Part 2 - Nutrition and Lifestyle Strategies to Support Nervous System Stability - Ancestral Wisdom and Energy Work

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This is part 2 - for part 1 please click HERE

Nurturing Our Roots with Ancestral Wisdom - Grounding Nutrition

For physical nutrition it is beneficial to use foods and nutrients that ground our physical form, support the regeneration of our nervous system tissue, as well as promote neurotransmitter balance for optimal brain and nervous system transmission.

I will account for some biochemical individuality and ethical dietary choices in these suggestions. However, from my current perspective and experience, there are some nutritional choices that may be more beneficial for the desired effect of building a robust and stable nervous system due to the bioavailability and form of their nutritional components.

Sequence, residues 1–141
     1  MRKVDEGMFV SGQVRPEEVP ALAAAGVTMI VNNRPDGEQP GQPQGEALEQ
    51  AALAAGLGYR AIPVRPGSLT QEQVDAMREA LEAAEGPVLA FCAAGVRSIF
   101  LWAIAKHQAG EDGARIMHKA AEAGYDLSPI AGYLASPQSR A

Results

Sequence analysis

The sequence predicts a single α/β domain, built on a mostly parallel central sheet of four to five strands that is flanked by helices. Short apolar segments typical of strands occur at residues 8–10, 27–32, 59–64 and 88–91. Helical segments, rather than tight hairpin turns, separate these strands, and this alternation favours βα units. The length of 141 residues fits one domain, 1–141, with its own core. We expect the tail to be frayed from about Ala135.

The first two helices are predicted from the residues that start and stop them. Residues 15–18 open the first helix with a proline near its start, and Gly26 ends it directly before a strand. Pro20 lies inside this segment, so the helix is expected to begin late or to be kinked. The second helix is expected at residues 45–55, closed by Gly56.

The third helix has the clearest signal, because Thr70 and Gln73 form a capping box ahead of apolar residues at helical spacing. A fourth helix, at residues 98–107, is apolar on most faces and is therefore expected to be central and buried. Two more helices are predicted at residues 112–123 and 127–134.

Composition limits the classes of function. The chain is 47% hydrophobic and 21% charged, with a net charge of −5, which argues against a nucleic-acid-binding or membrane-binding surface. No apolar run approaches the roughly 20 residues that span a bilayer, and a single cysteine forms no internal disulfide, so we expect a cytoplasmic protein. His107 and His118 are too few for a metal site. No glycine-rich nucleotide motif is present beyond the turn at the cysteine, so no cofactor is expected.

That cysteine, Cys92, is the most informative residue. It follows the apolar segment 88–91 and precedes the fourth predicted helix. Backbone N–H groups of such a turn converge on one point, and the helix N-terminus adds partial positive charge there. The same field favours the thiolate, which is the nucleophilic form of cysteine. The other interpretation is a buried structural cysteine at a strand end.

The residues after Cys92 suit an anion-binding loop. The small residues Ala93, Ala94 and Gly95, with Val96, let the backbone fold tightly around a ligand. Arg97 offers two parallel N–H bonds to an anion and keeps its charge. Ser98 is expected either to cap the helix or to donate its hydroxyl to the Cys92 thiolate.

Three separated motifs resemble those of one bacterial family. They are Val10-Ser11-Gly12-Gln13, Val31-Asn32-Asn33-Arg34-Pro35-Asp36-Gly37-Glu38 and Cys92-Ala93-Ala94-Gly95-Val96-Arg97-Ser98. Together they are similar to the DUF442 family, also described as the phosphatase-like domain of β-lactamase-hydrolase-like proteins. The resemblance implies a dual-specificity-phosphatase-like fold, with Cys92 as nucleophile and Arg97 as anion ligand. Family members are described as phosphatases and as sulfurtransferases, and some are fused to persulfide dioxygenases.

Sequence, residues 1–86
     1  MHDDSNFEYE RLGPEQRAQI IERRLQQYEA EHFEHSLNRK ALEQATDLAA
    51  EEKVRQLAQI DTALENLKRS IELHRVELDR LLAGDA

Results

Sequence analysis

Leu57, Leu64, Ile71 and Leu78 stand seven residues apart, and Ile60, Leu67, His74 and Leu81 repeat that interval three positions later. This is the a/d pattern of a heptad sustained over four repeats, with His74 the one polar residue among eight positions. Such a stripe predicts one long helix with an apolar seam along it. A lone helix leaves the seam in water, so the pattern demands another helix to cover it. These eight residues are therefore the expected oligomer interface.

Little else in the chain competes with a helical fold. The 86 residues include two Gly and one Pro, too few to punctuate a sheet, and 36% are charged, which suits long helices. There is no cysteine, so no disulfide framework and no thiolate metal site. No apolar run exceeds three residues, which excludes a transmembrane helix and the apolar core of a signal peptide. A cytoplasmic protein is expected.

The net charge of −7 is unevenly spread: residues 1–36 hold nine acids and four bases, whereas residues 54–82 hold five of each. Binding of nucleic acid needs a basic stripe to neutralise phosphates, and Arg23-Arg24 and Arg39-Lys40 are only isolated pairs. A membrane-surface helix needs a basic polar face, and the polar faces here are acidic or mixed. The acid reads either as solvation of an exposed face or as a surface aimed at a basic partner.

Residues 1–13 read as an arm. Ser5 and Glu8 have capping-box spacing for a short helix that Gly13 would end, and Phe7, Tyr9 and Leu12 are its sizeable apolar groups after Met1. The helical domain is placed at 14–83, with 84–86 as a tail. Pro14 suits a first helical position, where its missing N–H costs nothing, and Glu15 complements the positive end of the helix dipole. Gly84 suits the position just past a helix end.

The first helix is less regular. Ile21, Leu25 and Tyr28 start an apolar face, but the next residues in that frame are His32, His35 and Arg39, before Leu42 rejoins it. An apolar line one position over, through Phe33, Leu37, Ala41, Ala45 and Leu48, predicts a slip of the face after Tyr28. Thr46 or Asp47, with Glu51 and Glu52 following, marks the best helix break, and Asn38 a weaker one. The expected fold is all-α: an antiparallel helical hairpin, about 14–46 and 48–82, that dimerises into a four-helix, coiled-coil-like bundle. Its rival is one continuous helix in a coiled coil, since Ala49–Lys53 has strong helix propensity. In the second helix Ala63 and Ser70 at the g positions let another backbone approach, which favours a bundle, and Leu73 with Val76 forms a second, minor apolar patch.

Grounding foods – Root Vegetables and the Doctrine of Signatures

  • Parsnipsphoto-1550382708-5df0b2017c69
  • Sweet Potato
  • Tubers
  • Swede
  • Turnip
  • Carrots
  • Potatoes

As the doctrine of signature indicates, foods that grow in the earth help ground us through there rooted earth energetics.

Moderate amounts of complex carbohydrates can support serotonin production in the brain by supporting the rare amino acid tryptophan through the blood brain barrier into the brain where it can be used to build neurotransmittors and provide a satiating source of calories for calming our nervous system. Baked root vegetables are especially helpful in the evening to induce relaxation and deeper sleep. Parsnips are notably yang and warming in characteristic.

Bioenergetics of Animal Foods - Fish, Eggs, Dairy and Meat

Our unique constitution and life goals can guide how well suited we are to utilise animal foods within our diet. Our ancestry and geographical latitude can be a most helpful guide here.